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History of the Internet


The Internet, commonly referred to as "the Net," is a global wide area network (GWAN) or a network of networks that links computer systems all over the world. Generally, it is a worldwide system of computer networks that have different high-bandwidth data lines, which includes the Internet "backbone." Users at any computer can access information from any other computer via the internet (assuming they have authorization). It was known as the ARPANet for the first time, and in 1969, the ARPA, called Advanced Research Projects Agency, conceived the internet. Allowing communication between users and devices from any distance was the primary objective to create the network. You will need an Internet service provider (ISP) in terms of connecting to the Internet since they operate as a middleman between you and the Internet. Most Internet service providers provide you DSL, cable, or fiber connection to connect to the internet. Below is a table that contains an overall history of the internet.

Year Event
1960 This is the year in which the internet started to share information s a way for government researchers. And, the first known MODEM and dataphone were introduced by AT&T.
1961 On May 31, 1961, Leonard Kleinrock released his first paper, "Information Flow in Large Communication Nets."
1962 A paper talking about packetization was released by Leonard Kleinrock. Also, this year, a suggestion was given by Paul Baran for the transmission of data with the help of using fixed-size message blocks
1964 Baran produced a study on distributed communications in 1964. In the same year, Leonard Kleinrock released Communication Nets Stochastic Message Flow and Design, the first book on packet nets.
1965 The first long-distance dial-up link was established between a TX-2 computer and a Q-32 at SDC in California by Lawrence G. Roberts of MIT and Tom Marill of SDC in California with a Q-32. Also, the word "Packet" was coined by Donald in this year.
1966 After getting success at connecting over dial-up, a paper about this was published by Tom Marill and Lawrence G. Roberts.
In the same year, Robert Taylor brought Larry Roberts and joined ARPA to develop ARPANET.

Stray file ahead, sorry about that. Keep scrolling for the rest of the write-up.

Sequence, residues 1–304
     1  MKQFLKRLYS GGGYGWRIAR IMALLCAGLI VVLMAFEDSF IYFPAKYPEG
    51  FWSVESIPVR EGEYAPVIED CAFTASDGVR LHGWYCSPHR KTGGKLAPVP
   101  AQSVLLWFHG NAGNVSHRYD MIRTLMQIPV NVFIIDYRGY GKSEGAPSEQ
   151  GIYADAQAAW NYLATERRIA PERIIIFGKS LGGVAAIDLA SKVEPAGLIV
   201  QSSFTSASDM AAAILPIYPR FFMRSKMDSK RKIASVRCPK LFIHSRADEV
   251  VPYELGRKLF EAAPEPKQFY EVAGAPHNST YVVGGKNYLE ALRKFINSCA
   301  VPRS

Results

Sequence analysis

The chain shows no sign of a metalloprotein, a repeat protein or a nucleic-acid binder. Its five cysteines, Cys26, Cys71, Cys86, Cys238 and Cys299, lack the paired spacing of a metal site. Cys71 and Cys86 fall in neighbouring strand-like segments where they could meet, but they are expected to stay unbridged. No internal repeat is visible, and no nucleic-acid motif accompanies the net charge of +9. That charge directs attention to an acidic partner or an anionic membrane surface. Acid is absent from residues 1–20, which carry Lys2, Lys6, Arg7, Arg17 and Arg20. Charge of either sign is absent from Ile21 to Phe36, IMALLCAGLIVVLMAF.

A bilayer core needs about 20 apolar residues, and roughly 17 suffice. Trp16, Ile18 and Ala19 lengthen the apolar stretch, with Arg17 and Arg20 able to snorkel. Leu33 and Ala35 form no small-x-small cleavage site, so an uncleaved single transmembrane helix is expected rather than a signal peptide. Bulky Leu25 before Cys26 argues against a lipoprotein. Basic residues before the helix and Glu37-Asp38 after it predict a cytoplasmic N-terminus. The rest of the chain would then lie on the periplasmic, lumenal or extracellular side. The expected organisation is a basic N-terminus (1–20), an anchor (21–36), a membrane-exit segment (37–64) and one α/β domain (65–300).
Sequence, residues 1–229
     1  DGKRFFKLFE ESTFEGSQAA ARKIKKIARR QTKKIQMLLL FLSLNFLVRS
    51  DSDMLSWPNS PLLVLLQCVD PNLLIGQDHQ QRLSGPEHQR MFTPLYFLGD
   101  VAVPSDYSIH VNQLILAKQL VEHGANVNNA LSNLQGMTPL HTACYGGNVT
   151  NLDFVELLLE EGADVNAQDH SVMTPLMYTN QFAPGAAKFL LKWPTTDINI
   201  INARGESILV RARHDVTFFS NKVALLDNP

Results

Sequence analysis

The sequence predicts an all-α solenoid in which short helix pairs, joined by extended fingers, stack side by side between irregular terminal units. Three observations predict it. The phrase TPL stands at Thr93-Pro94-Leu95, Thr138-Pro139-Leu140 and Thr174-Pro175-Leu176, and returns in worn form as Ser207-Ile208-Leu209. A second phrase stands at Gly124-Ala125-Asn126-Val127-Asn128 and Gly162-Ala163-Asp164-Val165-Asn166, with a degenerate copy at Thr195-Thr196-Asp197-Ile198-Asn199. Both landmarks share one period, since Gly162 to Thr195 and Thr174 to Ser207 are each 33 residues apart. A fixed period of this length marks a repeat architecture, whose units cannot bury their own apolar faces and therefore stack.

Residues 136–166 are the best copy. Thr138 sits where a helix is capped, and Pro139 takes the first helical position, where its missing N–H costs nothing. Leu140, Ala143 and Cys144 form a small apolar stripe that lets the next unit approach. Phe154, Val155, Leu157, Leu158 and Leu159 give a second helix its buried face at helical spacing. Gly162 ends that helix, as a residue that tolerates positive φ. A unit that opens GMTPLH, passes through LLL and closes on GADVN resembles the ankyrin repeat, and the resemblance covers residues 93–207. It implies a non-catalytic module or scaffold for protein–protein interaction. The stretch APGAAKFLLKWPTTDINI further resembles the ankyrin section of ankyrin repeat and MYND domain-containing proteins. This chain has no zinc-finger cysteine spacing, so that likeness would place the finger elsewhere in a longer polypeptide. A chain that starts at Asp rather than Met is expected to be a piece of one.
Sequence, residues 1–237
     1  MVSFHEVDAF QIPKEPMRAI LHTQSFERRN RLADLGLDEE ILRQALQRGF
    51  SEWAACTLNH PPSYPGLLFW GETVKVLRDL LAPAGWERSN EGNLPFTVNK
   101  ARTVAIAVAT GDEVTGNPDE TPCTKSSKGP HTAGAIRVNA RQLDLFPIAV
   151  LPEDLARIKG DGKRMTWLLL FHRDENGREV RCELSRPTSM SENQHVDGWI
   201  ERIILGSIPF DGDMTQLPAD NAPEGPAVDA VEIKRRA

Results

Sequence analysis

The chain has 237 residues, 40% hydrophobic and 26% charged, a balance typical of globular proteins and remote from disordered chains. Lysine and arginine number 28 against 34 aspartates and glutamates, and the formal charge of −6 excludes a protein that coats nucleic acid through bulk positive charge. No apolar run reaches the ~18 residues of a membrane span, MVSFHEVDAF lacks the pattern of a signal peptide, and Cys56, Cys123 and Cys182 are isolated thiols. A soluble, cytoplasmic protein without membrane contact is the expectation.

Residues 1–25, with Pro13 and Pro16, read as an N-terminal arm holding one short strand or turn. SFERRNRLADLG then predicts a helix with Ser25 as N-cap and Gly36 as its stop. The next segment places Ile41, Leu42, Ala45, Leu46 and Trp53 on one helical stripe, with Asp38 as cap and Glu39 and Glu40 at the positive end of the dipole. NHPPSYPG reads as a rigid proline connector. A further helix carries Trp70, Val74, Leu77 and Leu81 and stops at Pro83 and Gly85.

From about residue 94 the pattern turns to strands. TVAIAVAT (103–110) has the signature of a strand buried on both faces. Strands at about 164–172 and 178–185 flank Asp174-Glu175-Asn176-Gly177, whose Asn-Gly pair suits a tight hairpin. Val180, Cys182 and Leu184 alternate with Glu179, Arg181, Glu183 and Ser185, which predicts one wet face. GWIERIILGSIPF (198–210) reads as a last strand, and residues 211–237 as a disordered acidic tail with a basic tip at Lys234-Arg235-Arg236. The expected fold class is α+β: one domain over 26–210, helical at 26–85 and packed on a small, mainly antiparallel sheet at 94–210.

1967 In 1967, 1-node NPL packet net was created by Donald Davies. For packet switch, the use of a minicomputer was suggested by Wes Clark.
1968 On 9 December 1968, Hypertext was publicly demonstrated by Doug Engelbart. The first meeting regarding NWG (Network Working Group) was also held this year, and on June 3, 1968, the ARPANET program plan was published by Larry Roberts.
1969 On 1 April 1969, talking about the IMP software and introducing the Host-to-Host, RFC #1 was released by Steve Crocker. On 3 July 1969, a press was released for announcing the public to the Internet by UCLA. On August 29, 1969, UCLA received the first network equipment and the first network switch. CompuServe, the first commercial internet service, was founded the same year.
1970 This is the year in which NCP was released by the UCLA team and Steve Crocker.
1971 In 1971, Ray Tomlinson sent the first e-mail via a network to other users.
1972 In 1972, the ARPANET was initially demonstrated to the general public.
1973 TCP was created by Vinton Cerf in 1973, and it was released in December 1974 with the help of Yogen Dalal and Carl Sunshine. ARPA also launched the first international link, SATNET, this year. And, the Ethernet was created by Robert Metcalfe at the Xerox Palo Alto Research Center.
1974 In 1974, the Telenet, a commercial version of ARPANET, was introduced. Many consider it to be the first Internet service provider.
1978 In 1978, to support real-time traffic, TCP split into TCP/IP, which was driven by John Shoch, David Reed, and Danny Cohen. Later on, on 1 January 1983, the creation of TCP/IP was standardized into ARPANET and helped create UDP. Also, in the same year, the first worm was developed by Jon Hupp and John Shoch at Xerox PARC.
1981 BITNET was established in 1981. It is a time network that was formerly a network of IBM mainframe computers in the United States.
1983 In 1983, the TCP/IP was standardized by ARPANET, and the IAB, short for Internet Activities Board was also founded in the same year.